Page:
First day - spectrum analyzer working

Got my panda today and implemented the code needed to read the spectrum analyzer from www.bliptronics.com.

This is obviously my first application, any feedback is welcome :slight_smile:

I had ported this form arduino to netduino … so it was an easy port to FEZ from there.

  • Note: Edited - The original post will be updated with current code (as long as it be edited)
  • Last Update: October 8th.

Overview
This shield is designed to pull 7 bands from music input. It uses an EQ chip designed for car stereos and works great. It has a built in multiplexer … so you can pull all seven bands using two Digital and one or two analog pins (stereo).

The Code

Edited

  • Note I had used a loop and setup routine mapped from the arduino world in the original code, hence the initial comments and suggestion to use Timers.

/* Code to read the Spectrum Analyzer chip from bliptronics.com
 * 
 * http://www.bliptronics.com/item.aspx?ItemID=116
 * 
 * Author: Joseph Francis - based on code from bliptronics and arduino community assistance.
 * 
 * Created: Oct 7, 2010
 * 
 * Version 1.0: Oct 7, 2010 - Initial Version
 * Version 1.1: Oct 8, 2010 - Updated to use timers and provide smoothed values / comments
 * 
 */

using System;
using System.Threading;

using Microsoft.SPOT;
using Microsoft.SPOT.Hardware;

using GHIElectronics.NETMF.FEZ;
using GHIElectronics.NETMF.Hardware;


namespace FEZPandaBliptronicsAnalyzer
{
    public class Program
    {
        //--- Strobe and Reset are hard wired on the board
        //--- there are jumpers (jp1 - 2 holes) that allow other pins to be used (advanced)
        static OutputPort spStrobe = new OutputPort((Cpu.Pin)FEZ_Pin.Digital.Di4, false);
        static OutputPort spReset = new OutputPort((Cpu.Pin)FEZ_Pin.Digital.Di5, false);

        //--- Stereo input means 2 chips and 2 analog reads (combined in this example)
        static AnalogIn spReadL = new AnalogIn((AnalogIn.Pin)FEZ_Pin.AnalogIn.An0);
        static AnalogIn spReadR = new AnalogIn((AnalogIn.Pin)FEZ_Pin.AnalogIn.An1);

        //--- Stores music spectrum values and smoothing variables
        static int[] Spectrum = { 0, 0, 0, 0, 0, 0, 0 };
        const int EQ_SMOOTH_COUNT = 3;
        static int[] SpectrumSmoothTots = {0, 0, 0, 0, 0, 0, 0};
        static int SpectrumSmoothAt = 0;
        static int[][] SpectrumSmoothVals = new int[][] { 
               new int[] { 0, 0, 0, 0, 0, 0, 0 }, 
               new int[] { 0, 0, 0, 0, 0, 0, 0 }, 
               new int[] { 0, 0, 0, 0, 0, 0, 0 } 
               };

        //--- Variable to account for a humm.  
        // * Lower this until you get get output when off - then raise it some.
        const int MUSIC_MIN = 190;

        //--- Used to loop a value back to zero when count is hit (i.e. looping color).  
        // * The count is 1 based but the rest of the usage is zero based
        static int incrToCount(int val, int amt, int count)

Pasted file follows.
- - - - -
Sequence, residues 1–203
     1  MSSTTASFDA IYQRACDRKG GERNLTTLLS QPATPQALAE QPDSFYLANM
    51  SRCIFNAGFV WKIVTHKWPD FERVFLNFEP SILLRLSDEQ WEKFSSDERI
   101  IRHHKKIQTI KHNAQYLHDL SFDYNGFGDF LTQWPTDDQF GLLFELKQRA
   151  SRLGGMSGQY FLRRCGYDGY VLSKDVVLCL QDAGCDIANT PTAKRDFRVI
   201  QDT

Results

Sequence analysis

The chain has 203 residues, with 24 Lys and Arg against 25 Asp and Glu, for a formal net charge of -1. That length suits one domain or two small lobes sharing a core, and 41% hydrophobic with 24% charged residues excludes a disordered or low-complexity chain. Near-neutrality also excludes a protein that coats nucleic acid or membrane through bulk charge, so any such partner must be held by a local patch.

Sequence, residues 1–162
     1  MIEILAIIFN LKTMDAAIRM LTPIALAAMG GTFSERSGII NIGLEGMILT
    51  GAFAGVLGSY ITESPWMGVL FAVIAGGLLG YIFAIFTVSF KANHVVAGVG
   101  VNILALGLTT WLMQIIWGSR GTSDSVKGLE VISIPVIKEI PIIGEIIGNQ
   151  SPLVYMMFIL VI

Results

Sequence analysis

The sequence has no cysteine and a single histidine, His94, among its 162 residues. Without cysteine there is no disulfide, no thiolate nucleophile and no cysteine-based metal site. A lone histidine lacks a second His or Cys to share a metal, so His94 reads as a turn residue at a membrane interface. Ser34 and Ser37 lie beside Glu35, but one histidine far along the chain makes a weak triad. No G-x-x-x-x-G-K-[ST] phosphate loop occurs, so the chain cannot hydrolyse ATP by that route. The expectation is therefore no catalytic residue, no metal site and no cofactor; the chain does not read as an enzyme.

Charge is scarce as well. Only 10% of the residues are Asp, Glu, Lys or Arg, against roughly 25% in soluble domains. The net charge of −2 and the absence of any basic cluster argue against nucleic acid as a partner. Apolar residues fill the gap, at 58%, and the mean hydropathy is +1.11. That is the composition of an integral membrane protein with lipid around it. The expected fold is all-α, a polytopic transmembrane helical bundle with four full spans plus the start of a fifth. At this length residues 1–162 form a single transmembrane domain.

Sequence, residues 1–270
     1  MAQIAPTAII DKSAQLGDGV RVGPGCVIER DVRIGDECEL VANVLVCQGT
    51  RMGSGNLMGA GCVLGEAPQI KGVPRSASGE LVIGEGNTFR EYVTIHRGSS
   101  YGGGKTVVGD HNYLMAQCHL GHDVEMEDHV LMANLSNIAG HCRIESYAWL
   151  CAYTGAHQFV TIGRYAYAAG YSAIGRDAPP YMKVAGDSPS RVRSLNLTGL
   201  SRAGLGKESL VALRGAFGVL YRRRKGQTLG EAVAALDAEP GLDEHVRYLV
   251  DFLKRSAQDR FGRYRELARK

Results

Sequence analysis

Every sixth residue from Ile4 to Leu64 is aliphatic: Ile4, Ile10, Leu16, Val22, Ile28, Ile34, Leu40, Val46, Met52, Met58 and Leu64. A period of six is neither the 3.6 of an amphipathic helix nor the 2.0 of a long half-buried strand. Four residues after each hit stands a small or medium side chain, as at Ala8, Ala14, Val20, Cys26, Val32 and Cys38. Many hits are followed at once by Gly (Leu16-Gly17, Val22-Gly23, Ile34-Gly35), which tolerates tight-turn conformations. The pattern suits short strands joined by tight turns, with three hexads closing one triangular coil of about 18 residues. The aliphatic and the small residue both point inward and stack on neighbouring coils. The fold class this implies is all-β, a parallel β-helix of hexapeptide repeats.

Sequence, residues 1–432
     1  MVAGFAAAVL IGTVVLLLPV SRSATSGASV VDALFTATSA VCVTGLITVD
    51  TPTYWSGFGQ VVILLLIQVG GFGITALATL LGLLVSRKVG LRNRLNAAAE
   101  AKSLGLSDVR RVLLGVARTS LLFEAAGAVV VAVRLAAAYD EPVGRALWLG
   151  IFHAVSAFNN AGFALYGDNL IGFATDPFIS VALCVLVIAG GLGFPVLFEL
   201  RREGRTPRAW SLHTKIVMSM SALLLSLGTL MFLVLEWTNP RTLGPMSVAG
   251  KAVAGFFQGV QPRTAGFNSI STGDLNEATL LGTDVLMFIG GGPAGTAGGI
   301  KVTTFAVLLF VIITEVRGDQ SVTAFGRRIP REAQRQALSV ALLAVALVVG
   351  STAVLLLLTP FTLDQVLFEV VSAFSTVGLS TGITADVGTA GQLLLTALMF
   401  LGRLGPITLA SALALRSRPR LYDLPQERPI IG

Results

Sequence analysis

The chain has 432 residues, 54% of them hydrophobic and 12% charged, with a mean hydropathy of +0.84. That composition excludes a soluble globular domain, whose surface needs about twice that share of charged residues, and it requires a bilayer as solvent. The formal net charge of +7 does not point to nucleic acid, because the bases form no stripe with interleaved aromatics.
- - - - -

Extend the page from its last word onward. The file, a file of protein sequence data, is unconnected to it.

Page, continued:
{
            val += amt;

            if (val > count - 1)
                val -= count;

            if (val < 0)
                val += count;

            return val;
        }

        //--- Used to loop a byte - commonly used value for color (256 levels)
        static int increment(int val, int amt)
        {
            return incrToCount(val, amt, 256);
        }

        //--- Toggle the reset pin to activate the spectrum analyzer and reset to bass level (0)
        static public void setupSpecrum()
        {
            spReset.Write(true);
            Thread.Sleep(1);
            spReset.Write(false);
            Thread.Sleep(1);
        }


        //--- This toggles the strobe and reads the band values in a loop of 7 bands
        //--- Also included is smoothing - but use the following line to get the smoothed value
        //   ------>   int SpectrumVal = (SpectrumSmoothTots[i]) / EQ_SMOOTH_COUNT; 
        static public void readSpecrum()
        {
            byte Band;
            for (Band = 0; Band < 7; Band++)
            {
                //--- Trigger strobe to make multiplexer jump
                spStrobe.Write(true);
                spStrobe.Write(false);

                //--- Add the left and right values - then devide by 2
                int cVal = spReadL.Read();
                cVal += spReadR.Read();
                cVal /= 2;

                //--- Allow for a min hum
                if (cVal < MUSIC_MIN)
                {
                    cVal = 0;
                }

                //--- Set related bands (low to high = 0 through 6 for seven bands)
                Spectrum[Band] = cVal;
                int currTot = SpectrumSmoothTots[Band];
                currTot += cVal;
                currTot -= SpectrumSmoothVals[SpectrumSmoothAt][Band];
                SpectrumSmoothVals[SpectrumSmoothAt][Band] = cVal;
                SpectrumSmoothTots[Band] = currTot;
                SpectrumSmoothAt = incrToCount(SpectrumSmoothAt, 1, EQ_SMOOTH_COUNT);

            }
        }


        //--- Debug Routine: Shows the current results - real time
        static public void showResults(Object o)
        {
            string strOut = "";
            Boolean minHit = false;
            for (byte i = 0; i < 7; i++)
            {
                int SpectrumVal = Spectrum[i];
                if (!minHit && SpectrumVal > MUSIC_MIN)
                    minHit = true;

                if (strOut != "")
                    strOut = strOut + " - ";
                strOut = strOut + SpectrumVal.ToString();

            }
            strOut = "Direct Read: " + strOut + "\n";
            if (minHit)